Essay about NAACP

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NAACP
The civil rights movement in the United States has been a long, primarily nonviolent struggle to bring full civil rights and equality under the law to all Americans. It has been made up of many movements, though it is often used to refer to the struggles between 1945 and 1970 to end discrimination against African-Americans and to end racial segregation, especially in the U.S. South. It focuses on that particular struggle, rather than the comparable movements to end discrimination against other ethnic groups within the United States or those struggles, such as the women's liberation, gay liberation, and disabled rights movements, that have used similar tactics in pursuit of similar goals. The civil rights movement has had a lasting
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While complacent in the 1980s, it became more active in legislative redistricting, voter registration, and lobbying in the 1990s (NAACP 1).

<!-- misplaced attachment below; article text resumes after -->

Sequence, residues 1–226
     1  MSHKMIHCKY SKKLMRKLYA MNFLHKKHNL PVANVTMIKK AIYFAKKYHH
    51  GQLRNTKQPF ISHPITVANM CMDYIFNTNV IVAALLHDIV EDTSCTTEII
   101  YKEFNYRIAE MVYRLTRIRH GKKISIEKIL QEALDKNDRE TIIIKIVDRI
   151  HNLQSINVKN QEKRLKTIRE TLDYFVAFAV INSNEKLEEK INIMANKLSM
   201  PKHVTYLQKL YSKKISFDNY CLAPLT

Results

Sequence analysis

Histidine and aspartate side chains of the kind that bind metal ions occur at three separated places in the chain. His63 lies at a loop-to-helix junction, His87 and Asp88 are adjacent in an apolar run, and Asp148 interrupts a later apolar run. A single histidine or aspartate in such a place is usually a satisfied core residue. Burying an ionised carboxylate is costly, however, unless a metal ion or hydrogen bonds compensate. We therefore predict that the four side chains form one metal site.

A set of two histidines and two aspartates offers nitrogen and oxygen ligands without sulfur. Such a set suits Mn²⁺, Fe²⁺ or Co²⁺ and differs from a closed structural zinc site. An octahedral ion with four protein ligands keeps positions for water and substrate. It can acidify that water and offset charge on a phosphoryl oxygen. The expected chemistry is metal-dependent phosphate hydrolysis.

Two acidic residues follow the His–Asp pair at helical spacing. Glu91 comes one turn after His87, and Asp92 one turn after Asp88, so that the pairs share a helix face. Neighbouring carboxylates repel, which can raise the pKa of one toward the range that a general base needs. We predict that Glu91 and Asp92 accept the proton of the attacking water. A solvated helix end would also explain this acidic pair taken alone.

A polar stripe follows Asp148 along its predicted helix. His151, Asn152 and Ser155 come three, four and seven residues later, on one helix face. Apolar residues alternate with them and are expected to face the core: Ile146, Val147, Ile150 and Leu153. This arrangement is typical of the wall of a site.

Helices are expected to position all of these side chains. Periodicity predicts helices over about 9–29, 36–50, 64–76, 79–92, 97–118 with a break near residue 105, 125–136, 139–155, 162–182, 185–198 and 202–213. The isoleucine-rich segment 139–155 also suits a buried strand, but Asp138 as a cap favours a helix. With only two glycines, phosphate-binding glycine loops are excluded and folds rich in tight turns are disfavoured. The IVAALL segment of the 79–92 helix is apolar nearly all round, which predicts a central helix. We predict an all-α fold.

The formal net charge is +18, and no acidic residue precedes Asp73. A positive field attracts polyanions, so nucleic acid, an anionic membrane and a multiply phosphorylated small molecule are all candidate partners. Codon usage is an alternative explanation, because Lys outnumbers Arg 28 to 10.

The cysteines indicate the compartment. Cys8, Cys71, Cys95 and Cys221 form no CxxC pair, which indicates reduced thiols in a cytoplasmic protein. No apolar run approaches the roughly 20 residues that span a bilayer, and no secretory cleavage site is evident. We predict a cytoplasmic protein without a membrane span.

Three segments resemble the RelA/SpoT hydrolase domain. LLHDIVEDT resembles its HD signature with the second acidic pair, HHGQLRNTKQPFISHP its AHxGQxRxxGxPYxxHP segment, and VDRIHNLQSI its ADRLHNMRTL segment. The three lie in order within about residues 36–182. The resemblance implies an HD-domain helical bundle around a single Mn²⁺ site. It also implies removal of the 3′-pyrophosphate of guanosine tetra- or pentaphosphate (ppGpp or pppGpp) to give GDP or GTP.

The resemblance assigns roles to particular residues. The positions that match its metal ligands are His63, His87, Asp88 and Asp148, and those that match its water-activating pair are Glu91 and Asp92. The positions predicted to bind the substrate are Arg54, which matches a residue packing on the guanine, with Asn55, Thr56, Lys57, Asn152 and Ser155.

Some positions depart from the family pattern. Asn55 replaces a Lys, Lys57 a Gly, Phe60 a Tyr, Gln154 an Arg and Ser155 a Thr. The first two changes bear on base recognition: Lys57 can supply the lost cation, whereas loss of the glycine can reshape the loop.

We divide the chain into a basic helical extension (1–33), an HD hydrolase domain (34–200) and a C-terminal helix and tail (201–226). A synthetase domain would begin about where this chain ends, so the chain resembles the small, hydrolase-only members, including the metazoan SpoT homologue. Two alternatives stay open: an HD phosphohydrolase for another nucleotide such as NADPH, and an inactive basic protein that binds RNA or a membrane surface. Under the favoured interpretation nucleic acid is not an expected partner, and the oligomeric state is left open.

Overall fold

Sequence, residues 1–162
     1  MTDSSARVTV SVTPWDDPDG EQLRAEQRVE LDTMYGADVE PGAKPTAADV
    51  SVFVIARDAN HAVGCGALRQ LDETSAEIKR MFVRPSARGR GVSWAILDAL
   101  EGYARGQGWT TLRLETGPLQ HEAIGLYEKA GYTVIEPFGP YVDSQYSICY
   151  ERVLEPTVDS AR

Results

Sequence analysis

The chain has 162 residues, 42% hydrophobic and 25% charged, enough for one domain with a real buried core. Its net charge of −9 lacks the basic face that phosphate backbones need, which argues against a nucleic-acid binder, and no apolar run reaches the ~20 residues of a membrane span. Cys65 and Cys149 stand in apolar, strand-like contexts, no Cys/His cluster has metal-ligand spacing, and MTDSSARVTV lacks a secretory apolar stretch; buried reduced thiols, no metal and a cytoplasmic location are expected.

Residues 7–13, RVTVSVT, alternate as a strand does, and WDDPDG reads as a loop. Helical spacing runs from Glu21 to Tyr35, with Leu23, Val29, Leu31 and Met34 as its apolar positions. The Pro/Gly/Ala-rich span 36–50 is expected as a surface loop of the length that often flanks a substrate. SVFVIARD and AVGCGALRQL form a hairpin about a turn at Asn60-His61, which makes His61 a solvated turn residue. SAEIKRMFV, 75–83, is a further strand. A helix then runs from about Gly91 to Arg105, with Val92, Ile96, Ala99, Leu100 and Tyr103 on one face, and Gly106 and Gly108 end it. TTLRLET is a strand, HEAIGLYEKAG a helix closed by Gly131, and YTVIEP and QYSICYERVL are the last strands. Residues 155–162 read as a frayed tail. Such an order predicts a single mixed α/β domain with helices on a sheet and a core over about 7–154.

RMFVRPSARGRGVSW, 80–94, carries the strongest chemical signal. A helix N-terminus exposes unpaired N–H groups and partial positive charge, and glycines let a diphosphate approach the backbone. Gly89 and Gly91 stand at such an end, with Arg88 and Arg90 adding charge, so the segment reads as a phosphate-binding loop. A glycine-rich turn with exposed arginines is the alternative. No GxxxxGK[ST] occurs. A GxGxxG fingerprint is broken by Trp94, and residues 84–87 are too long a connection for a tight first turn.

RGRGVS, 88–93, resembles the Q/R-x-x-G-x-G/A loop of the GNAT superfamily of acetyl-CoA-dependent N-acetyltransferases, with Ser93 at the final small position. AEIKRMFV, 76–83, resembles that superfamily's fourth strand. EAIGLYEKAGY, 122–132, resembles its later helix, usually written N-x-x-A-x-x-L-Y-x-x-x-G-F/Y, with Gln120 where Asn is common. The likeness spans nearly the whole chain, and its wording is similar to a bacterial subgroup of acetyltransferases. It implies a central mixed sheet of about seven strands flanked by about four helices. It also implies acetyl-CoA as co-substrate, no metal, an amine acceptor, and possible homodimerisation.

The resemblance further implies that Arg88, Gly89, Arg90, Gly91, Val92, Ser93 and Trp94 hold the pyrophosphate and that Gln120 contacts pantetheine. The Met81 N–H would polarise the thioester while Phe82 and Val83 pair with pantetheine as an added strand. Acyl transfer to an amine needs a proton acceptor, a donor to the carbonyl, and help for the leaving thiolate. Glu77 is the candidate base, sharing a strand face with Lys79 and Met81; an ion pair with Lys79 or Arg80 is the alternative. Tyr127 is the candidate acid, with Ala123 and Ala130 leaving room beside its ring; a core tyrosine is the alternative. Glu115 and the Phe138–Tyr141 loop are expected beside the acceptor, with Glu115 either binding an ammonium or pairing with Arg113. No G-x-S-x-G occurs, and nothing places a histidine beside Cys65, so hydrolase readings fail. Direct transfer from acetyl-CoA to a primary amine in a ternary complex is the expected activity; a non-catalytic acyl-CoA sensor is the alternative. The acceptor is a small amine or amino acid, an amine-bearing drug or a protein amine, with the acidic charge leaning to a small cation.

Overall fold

The NAACP Legal Defense and Education Fund, an independent legal aid group, argues in court on behalf of the NAACP and other civil-rights groups. Along with the NAACP, it was instrumental in helping to bring about the Supreme Court's ruling (1954) against segregated public education in the landmark Brown v. Board of Education of Topeka, Kans. Case (Spartacus 1).     The strategy shifted after Brown, however, to "direct action"--primarily bus boycotts, sit-ins, freedom rides, and similar movements-- from 1955 to 1965. In part this was the unintended result of the local authorities' attempt to outlaw and harass the mainstream civil rights organizations throughout the Deep South. The State of Alabama had effectively barred the NAACP from operating in Alabama by requiring it to give the state a list of its members. In the South of the 1950s, that would have exposed every member of the NAACP to retaliation, from being fired to being firebombed. While the United States Supreme Court ultimately reversed the order, for a few years in the mid 1950s